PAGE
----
|Title||Investigating Subjective Age, Level of Activity, and Depressive Symptoms in Older Adults|
|Publication Type||Journal Article|
|Year of Publication||2015|
|Authors||Cerino, ES, Leszczynski, J|
|Journal||PSI Chi Journal of Psychological Research|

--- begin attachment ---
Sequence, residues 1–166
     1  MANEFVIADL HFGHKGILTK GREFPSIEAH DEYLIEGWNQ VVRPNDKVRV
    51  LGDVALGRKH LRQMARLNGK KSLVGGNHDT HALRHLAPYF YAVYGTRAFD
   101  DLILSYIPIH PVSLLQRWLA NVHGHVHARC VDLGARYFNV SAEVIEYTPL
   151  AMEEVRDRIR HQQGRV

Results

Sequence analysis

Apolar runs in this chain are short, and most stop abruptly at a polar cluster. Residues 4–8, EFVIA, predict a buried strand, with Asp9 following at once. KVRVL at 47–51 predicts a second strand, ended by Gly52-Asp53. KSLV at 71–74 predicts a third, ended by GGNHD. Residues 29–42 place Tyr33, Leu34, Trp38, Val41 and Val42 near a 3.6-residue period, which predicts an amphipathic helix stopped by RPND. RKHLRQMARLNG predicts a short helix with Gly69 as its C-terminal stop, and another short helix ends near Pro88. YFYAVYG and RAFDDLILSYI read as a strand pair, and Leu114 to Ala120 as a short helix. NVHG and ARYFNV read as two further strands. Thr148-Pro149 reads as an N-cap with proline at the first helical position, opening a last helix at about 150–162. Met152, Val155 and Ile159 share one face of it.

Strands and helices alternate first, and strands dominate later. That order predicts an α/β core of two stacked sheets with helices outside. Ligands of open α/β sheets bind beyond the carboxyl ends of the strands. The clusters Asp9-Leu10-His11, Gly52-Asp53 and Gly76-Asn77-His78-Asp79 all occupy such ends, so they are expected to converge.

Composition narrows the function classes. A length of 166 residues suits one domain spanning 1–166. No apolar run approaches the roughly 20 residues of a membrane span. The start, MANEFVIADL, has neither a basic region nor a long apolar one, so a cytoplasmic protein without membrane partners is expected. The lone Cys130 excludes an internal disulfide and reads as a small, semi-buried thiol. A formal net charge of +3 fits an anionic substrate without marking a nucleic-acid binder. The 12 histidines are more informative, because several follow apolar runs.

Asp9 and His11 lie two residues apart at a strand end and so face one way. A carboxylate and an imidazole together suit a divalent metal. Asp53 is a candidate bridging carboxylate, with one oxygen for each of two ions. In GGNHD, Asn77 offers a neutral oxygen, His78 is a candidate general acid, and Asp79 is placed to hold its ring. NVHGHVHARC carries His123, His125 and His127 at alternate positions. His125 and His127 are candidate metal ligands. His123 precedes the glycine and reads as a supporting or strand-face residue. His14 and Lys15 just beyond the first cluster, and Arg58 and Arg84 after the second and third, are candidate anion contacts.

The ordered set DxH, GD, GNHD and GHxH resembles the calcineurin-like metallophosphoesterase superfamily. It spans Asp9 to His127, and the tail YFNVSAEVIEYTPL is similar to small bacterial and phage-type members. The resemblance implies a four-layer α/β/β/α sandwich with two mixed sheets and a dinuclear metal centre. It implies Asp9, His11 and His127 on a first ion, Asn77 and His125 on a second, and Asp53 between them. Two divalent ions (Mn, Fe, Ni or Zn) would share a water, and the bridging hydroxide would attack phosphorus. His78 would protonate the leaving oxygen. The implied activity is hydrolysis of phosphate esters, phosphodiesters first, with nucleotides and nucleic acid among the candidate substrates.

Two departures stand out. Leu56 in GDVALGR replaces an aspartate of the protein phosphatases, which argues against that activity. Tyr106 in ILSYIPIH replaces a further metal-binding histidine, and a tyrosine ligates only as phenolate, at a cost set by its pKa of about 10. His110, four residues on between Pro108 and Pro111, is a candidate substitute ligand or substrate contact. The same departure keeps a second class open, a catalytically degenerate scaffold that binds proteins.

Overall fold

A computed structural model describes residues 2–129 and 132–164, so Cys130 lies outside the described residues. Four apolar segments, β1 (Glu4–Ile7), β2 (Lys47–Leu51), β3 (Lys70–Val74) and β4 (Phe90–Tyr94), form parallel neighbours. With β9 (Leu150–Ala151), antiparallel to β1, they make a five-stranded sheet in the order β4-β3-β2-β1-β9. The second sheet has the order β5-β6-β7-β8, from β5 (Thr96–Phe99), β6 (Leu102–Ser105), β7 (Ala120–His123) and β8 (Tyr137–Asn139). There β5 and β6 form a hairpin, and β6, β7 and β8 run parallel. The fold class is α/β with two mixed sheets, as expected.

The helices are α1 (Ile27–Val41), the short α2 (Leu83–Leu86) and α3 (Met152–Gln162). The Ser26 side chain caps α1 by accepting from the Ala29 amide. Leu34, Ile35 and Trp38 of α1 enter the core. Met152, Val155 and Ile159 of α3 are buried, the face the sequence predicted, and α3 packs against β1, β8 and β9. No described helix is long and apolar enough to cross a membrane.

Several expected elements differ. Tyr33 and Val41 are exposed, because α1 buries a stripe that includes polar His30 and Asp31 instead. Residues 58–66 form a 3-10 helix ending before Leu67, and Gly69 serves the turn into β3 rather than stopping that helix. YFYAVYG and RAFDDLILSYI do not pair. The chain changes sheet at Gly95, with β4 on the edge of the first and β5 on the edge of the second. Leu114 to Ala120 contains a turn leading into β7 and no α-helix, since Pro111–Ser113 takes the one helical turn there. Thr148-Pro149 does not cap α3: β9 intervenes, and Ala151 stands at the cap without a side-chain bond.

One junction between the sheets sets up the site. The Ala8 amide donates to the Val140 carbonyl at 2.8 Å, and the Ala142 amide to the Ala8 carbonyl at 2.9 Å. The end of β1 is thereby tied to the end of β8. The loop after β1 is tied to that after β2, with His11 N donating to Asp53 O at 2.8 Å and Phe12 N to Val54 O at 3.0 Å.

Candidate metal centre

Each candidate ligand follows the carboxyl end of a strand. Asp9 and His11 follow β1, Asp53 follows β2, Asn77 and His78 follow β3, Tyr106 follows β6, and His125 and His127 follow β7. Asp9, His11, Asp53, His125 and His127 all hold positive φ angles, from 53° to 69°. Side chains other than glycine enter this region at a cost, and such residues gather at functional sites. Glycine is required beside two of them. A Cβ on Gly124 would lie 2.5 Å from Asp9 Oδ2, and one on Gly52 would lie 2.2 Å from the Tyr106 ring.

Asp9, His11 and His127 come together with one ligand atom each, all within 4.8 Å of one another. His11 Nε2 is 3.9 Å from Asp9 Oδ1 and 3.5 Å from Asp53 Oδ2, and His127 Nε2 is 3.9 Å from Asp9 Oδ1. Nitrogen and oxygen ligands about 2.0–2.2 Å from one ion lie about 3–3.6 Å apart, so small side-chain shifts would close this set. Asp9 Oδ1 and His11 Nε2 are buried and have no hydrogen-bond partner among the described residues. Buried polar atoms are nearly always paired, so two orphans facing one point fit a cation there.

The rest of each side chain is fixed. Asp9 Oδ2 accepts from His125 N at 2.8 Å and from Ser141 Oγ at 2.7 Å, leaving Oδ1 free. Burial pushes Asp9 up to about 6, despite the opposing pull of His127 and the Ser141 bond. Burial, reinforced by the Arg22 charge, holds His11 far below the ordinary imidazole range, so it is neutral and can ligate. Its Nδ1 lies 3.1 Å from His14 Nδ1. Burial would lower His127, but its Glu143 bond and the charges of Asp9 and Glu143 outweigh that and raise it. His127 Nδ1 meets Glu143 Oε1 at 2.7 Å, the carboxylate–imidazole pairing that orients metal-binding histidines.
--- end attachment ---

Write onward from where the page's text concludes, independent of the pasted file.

Depression is one of the most prevalent diseases among older adults (Montesó et al., 2012). Limited research has been conducted investigating relationships between subjective age, cognitive and physical activity, and depressive symptoms in older adults. We hypothesized negative relationships between youthful subjective age and depressive symptoms, activity level and depressive symptoms, and more hours a week of cognitive activity than physical activity. The sample consisted of 62 older adults (60 years of age and older; 15 men, 47 women) from a Northeastern senior center. We found that more cognitive activity took place than physical activity and we also found correlations of small to medium effect sizes between depressive symptoms and general subjective age and the subjective age Feel subscale. A positive relationship with a small effect size was found between total activity and the subjective age Interests subscale. Interactions of medium to large effect sizes between sex and mild depression occurred for general subjective age, F(3) = 3.10, p = .03, subjective age Interests subscale, F(3) = 3.03, p = .04, and cognitive activity, F(3) = 2.78, p = .049. Baby boomers entering older adulthood should be encouraged to take advantage of community senior centers and be aware of their desired subjective ages.